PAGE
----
Dutch companies slightly more profitable

In spite of the weak economy in the Netherlands, Dutch companies have been able to maintain their level of profit in recent years. Most of them managed to do this by saving costs, partly by cutting back staff and implementing wage restraints.

Smaller share for labour in enterprise income

The share of profits in value added for the market sector rose from 19.6 percent in 2003 to 20 percent in 2004; the share of labour fell from 80.4 to 80.0 percent in the same period. This 0.4 of a percent point decrease in the labour share in enterprise income in the market sector was mainly the result of a strong increase in market sector labour productivity (4.3 percent). 

Labour share in enterprise income by sector of industry

Strong improvement in profitability for manufacturing

The labour share in enterprise income fell in the sectors manufacturing, construction, and transport, storage and communication in 2004. Companies succeeded in increasing profitability in the sectors manufacturing and construction in particular. In manufacturing, which depends strongly on orders from abroad, the lower labour costs more than compensated for the effects of the strong euro on the sector’s competitive position.

Cost savings and rise in labour productivity

In manufacturing and construction the improved profitability was the result of extensive cost savings. Employment dropped sharply in these sectors, and labour productivity rose by 5 percent. In transport and communication, too, labour productivity increased substantially. Transport by road and by water benefited from the strong increase in exports and re-exports, as did the wholesale trade sector, illustrating once again the importance of its distribution function for the Netherlands. The telecommunication sector benefited from the increased demand for mobile telephone and Internet communication.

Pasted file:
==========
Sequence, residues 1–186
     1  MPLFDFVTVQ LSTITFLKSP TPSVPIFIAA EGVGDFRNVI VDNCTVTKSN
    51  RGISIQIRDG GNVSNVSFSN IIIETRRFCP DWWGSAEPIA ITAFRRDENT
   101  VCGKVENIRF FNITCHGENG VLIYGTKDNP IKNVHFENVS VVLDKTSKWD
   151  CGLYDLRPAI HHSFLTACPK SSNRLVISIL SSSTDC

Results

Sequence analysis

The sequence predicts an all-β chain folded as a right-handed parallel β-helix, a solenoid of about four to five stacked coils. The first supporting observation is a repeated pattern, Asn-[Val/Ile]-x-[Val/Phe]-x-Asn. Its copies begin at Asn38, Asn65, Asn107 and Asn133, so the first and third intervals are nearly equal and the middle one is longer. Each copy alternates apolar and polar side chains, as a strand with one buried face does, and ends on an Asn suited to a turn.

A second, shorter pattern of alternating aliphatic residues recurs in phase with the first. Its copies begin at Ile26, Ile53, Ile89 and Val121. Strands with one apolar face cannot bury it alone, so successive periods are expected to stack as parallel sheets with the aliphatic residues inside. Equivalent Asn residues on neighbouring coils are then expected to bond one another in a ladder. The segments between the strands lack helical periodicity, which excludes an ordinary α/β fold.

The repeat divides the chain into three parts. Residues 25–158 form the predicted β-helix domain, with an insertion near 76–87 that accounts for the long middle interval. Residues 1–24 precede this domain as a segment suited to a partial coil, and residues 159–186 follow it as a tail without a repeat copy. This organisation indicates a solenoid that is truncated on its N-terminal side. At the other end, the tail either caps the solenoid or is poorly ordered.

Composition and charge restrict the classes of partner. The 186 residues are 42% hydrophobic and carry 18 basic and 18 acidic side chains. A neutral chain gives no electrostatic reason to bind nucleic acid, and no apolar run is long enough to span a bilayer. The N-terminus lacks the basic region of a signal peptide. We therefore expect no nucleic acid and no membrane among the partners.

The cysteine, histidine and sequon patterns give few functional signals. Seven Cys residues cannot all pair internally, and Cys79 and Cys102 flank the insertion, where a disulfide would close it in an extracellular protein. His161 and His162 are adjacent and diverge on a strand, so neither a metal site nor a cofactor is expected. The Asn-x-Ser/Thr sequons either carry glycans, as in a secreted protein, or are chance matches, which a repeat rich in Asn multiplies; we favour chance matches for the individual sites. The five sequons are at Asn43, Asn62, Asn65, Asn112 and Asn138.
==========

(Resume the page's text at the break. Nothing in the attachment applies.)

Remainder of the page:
Labour share in enterprise income, retail trade and agriculture

No profits for farmers

Profitability differed widely between sectors of industry in 2004. There was an improvement in most sectors, but there were some exceptions. Including an imputed wage for the self-employed, the share of labour in enterprise income has even been above 100 percent in agriculture since 2002. This means that on average farmers earn less than their employees. Although production rose in this sector, partly pushed up by good crops, profitability decreased because of lower prices. The labour share in enterprise income in the retail sector rose strongly in 2004. Among other thongs this was the result of the supermarket price war between. Shop prices were clearly lower in 2004 than in 2003.

Frederik Heinsius, Hermanus Rietveld and Michiel Vergeer